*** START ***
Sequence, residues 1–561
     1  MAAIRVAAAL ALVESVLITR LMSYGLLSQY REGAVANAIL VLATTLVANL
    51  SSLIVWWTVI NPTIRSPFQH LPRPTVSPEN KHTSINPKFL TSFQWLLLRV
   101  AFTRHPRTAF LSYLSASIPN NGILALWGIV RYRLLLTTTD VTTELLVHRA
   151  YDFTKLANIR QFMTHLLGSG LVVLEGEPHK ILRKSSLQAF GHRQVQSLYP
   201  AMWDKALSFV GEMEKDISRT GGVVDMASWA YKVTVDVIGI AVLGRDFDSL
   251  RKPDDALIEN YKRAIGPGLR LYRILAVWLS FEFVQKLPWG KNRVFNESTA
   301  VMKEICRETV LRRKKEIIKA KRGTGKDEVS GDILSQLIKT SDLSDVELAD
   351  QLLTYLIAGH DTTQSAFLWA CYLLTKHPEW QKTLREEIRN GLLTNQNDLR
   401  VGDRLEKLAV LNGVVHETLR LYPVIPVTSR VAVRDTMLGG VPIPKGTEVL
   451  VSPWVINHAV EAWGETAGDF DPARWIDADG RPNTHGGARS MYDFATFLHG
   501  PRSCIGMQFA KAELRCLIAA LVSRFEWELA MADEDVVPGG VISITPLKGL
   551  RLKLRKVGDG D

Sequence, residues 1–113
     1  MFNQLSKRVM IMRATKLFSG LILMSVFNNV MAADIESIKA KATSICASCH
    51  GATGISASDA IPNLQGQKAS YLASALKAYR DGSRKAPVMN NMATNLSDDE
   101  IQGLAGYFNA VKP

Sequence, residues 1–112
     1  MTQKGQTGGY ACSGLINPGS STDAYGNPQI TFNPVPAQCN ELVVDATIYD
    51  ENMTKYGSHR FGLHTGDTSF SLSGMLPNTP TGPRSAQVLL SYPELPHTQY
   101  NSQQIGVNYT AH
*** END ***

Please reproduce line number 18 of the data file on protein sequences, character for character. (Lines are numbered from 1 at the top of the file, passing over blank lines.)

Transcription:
Sequence, residues 1–112